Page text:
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Viner Frames(8 posts)

Viner FramesLone Gunman
Nov 21, 2001 10:46 AM
Anyone have any feedback on Viner frames? I see that they are Carbon, Alu, or steel. Have never seen one up close or have any idea who might carry them or the finish work on the frames, etc.
re: Viner Framescioccman
Nov 21, 2001 10:54 AM
GVH is the place for Viner in my opinion. Good looking frame. I wouldn't have any resistance to one!
re: Viner FramesLone Gunman
Nov 21, 2001 11:00 AM
I asked too quickly and found them at GVH, price appeared to be fairly reasonable as well.
re: Viner Framesgrandpa_m
Nov 21, 2001 11:17 AM
I was very interested in the Viner Pro Team frame made with
Columbus Nemo. I asked the same question. I got one good
response saying this particular frame might not be recommended for a rider over 175lbs. He said he had heard
they made a good quality frame, but I eventually bought a
Lemond Maillot Jaune 853 Reynolds frameset which I built
up with quality componets and I am very happy with.
If you do buy a Viner do a post after you build and ride it,
I'd be interested in your opinion of it. Good luck.
Team Fakta, second division pro team uses themJS
Nov 21, 2001 1:07 PM
Here is Scott Sutherlands race bike, pretty sweet. I actually considered purchasing one from GVH.
re: Viner FramesLone Gunman
Nov 21, 2001 3:12 PM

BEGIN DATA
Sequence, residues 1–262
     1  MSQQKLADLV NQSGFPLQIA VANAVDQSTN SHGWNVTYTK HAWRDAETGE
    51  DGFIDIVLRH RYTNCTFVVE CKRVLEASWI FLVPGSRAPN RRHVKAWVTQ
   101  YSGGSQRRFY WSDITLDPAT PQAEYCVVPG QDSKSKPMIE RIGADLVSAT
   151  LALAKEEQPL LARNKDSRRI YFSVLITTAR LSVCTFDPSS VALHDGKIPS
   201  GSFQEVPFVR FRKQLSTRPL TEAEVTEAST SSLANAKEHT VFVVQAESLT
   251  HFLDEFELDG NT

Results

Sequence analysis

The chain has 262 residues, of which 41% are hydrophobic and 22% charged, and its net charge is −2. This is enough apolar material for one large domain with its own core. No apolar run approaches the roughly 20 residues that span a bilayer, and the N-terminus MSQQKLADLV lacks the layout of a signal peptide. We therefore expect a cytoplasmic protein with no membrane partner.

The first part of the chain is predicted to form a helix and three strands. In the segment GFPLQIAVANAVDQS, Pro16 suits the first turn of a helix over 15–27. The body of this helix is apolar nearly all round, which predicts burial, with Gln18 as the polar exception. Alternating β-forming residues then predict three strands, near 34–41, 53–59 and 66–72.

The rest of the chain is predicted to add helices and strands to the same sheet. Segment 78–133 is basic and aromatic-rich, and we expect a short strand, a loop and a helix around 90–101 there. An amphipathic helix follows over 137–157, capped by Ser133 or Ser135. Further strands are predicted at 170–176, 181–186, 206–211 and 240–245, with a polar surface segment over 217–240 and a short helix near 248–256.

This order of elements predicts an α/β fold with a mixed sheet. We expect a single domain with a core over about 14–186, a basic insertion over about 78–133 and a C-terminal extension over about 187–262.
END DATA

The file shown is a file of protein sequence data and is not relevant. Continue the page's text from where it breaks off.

It seems as though a group of frames sans big names are out there that seem fairly rare and reportedly of high quality, (Viner, Moser, Pergoretti, Vitus) For me I guess it is the rarity aspect that has me looking.
rare?, amaybe in the US, not in other places nmclimbo
Nov 21, 2001 3:30 PM
Nov 24, 2001 11:23 AM
Ok, let me end this once and for all. I purchased the Viner Pro Team T13 Steel frame. It is a Deda EOM 16.5, their highest quality steel in a matte red frame from GVH bikes. At 1200 grams, (2.6lbs.) it is very light for a steel frame. Beautiful actually with the carbon rear stays. Coming from an all aluminum (fork included) time trial bike, I new that any new bike would be more comfortable than what I was previously riding on. I test rode a steel bike (Serotta) from my LBS and realized that steel was the way to go after test riding all other materials. After saving up some more money, I finally put Campy 10 on it with Shamal tubular wheels. (I saved up enough money to keep one more month of internet service so that I could write this review!) The one thing that I noticed about the test ridden steel bike was a little flex from the bottom bracket on hard standing efforts, but the ride was so smooth that I could'nt resist getting steel. Once the bike was put together and ridden for 30 miles the first day, I noticed something. The down tube is almost shaped like a teardrop formation (like a Pinarello Paris) for added stiffness, but the dampening effects were still there! I am a out of the saddle climber (5'8" 147lb.) and didn't want to lose that stiffness but wanted a comfortable distance ride as well. I got it all. And to boot, everybody loves the bike at all the local rides. I have no complaints whatsoever. Also, I am the only one with one around. That is always a plus! 18lbs. and some change with a Record/Daytona mix. Not bad for a steel frame. For many steel lovers out there, do not expect the same feel as a "round tube" steel frame however. It is a bit more stiff than those. Less material means shaping it differently which changes its dampening characteristics. The way I look at it, I have the best of everything now.